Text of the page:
Although insulin therapy has greatly reduced mortality and improved life expectancy, it was soon realized that it was not as efficient in maintaining BGL within the physiological range as endogenous insulin. Moreover, there are often wide fluctuations [3]. Clinical studies such as the Diabetes Control and Complications Trial (DCCT, 1993) have demonstrated a benefit in achieving optimal blood glucose control using intensive insulin therapy [4]. Intensive glucose control has both advantages and disadvantages. Better control of BGL can delay, but not abolish, the development of microvascular complications. On the other hand, tight blood glucose control results in increased frequency of hypoglycemic episodes. In contrast, a β-cell in a non-diabetic person is able to secrete insulin minute by minute as required to maintain BGL within the reference range. The inability of exogenous insulin administration to achieve complete normalization of BGL highlights the need for alternative tissue therapies such as whole pancreas or islet transplantation.

Whole pancreas transplantation

One of the closed-loop options available to a limited number of type 1 diabetic patients is whole pancreas transplantation. Whole pancreas transplantation has been carried out since 1966, and is usually performed in conjunction with a kidney transplant in patients with end-stage renal failure [5, 6]. Over the decades, improvements in surgical procedures and immunosuppressive protocols have resulted in successful whole pancreas transplantations alone. These are currently being carried out in many centers worldwide (see International Pancreas Transplant Registry, IPTR, 2004).

A successful whole pancreas transplant provides a closed-loop system to achieve tight blood glucose control without hypoglycemic episodes. As a result, the number of pancreatic transplantations has increased dramatically. According to the latest available data, ~23,043 pancreas transplantations have been reported to the IPTR. Graft survival rate has improved dramatically with a survival rate of 76% and 62% at one year and three years, respectively. Long-term normoglycemia with insulin independence was achieved with a 5-year graft survival rate of 50-70% [7].

However, though clinically successful, whole pancreas transplantation has its drawbacks. Apart from the major surgical intervention, there is morbidity from the procedure, associated with the need to drain the exocrine fluids for example, and from thrombosis of the graft. In addition, the recipients must adhere to a life-long immunosuppressive regime. Currently used anti-rejection drugs have a number of side effects such as increased susceptibility to infection, renal dysfunction, hyperlipidemia, anemia, mouth ulcers, and a theoretically increased risk of cancer [8]. In some cases, side effects have been sufficiently severe for the anti-rejection drugs to be ceased. These drawbacks usually mean that whole pancreas transplantation is restricted to those requiring a kidney transplant. Thus, whole pancreas transplantation is not a viable option for most type 1 diabetes patients.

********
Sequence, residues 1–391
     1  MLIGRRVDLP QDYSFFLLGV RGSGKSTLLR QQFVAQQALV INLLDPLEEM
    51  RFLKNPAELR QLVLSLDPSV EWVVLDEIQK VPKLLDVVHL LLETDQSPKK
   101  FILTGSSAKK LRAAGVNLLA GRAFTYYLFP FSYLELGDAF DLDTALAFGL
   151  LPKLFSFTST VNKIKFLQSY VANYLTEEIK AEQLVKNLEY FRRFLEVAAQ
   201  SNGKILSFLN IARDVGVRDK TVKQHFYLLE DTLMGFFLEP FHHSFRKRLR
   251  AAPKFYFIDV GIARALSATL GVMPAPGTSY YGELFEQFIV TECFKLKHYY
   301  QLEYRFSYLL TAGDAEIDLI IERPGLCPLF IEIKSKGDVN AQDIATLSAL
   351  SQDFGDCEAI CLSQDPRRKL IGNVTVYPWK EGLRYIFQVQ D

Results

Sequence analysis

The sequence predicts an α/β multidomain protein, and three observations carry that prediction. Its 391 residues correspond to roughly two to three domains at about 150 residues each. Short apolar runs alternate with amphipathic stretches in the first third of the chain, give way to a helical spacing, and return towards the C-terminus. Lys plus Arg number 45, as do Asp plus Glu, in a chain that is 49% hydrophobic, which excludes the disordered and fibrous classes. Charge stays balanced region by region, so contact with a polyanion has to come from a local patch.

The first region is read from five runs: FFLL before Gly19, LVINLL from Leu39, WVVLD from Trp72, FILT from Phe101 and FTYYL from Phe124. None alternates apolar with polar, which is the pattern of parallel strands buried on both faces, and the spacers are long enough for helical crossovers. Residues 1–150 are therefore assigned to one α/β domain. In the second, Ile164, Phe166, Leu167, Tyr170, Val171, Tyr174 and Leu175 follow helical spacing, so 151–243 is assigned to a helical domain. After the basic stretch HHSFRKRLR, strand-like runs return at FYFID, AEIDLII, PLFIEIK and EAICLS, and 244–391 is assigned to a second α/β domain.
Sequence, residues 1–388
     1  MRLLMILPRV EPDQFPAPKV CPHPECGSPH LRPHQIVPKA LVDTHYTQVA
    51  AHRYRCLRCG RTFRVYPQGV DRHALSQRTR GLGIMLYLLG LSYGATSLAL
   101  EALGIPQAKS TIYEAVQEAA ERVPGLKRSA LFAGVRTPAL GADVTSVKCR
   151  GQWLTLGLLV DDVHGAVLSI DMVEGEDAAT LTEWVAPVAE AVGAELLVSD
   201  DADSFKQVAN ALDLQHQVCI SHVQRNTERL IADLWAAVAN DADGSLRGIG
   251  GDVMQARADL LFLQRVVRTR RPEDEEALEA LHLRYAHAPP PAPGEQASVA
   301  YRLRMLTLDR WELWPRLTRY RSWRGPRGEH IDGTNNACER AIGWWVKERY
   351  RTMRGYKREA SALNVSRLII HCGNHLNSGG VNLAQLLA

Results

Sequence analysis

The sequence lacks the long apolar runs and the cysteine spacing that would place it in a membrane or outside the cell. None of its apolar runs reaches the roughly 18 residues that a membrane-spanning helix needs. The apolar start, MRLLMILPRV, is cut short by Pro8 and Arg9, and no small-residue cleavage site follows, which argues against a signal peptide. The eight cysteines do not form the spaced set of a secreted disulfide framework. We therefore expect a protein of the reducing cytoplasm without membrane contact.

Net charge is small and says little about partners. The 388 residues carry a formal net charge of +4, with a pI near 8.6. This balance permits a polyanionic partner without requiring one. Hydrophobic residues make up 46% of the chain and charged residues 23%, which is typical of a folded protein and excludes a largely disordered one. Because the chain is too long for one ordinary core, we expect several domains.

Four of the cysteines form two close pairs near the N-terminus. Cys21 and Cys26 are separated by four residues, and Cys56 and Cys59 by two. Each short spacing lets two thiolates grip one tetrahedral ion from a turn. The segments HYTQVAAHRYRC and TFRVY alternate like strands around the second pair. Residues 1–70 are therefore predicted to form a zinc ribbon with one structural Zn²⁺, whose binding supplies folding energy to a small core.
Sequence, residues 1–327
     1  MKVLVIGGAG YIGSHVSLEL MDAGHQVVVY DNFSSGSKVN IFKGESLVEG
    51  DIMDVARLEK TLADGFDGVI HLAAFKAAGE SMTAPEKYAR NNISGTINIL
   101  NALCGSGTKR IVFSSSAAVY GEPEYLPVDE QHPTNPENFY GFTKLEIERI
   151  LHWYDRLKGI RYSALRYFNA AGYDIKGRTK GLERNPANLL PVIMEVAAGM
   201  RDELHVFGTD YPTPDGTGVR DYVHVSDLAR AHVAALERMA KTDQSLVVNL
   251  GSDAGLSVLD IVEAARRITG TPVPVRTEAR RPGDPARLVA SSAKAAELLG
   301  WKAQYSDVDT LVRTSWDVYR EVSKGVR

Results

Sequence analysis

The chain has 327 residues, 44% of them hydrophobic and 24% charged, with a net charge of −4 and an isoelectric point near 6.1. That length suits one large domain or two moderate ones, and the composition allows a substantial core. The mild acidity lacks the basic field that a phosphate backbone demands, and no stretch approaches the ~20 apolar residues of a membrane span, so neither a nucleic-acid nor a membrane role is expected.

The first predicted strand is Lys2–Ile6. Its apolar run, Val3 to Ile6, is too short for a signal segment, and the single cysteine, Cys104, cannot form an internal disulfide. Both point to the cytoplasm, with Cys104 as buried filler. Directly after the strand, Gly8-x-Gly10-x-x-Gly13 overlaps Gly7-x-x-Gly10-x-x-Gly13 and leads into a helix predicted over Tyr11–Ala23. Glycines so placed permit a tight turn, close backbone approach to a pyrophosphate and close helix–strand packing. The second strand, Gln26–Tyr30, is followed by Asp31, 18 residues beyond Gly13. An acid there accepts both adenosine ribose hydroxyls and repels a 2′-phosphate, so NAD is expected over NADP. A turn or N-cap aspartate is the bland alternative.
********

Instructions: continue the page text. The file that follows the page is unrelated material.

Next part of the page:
Human islet transplantation

The exocrine component forms the bulk of the pancreas (>95%). It is responsible for producing digestive enzymes, but does not contribute to insulin production. Thus, transplantation of the endocrine component of the pancreas alone (~1%) is a simpler approach, and one that should minimize complications arising from transplanting the exocrine component of the pancreas in a whole pancreas transplant. Transplantation of human islets to normalize BGL of people with insulin-dependent diabetes began in the 1970s [9], but it was not until 1989 that the first recipient was able to cease exogenous insulin [10]. Between then and 2000, only 12% of islet recipients remained insulin-free 12 months after transplantation (Collaborative Islet Transplant Registry, CITR, 2007).

In 2000, success rates improved dramatically with the incorporation of steroid-free immunosuppressive protocols. The Edmonton group reported seven out of seven consecutive transplants still being fully functional at 12 months follow-up [11]. Some, but not all, other large research groups were able to recapitulate this wonderful result. A slightly modified Edmonton protocol is now used worldwide with successful results [12]. However, in all centers, the success rates declined with time. Only 55% of initially insulin-independent recipients were still off exogenous insulin 6 months post transplantation, and 1% at 4 years post-trans-plantation (CITR, 2009). A follow-up study by the Edmonton group showed that only 4 of the 44 patients transplanted with human islets were insulin-independent at 5 years post-transplantation [13].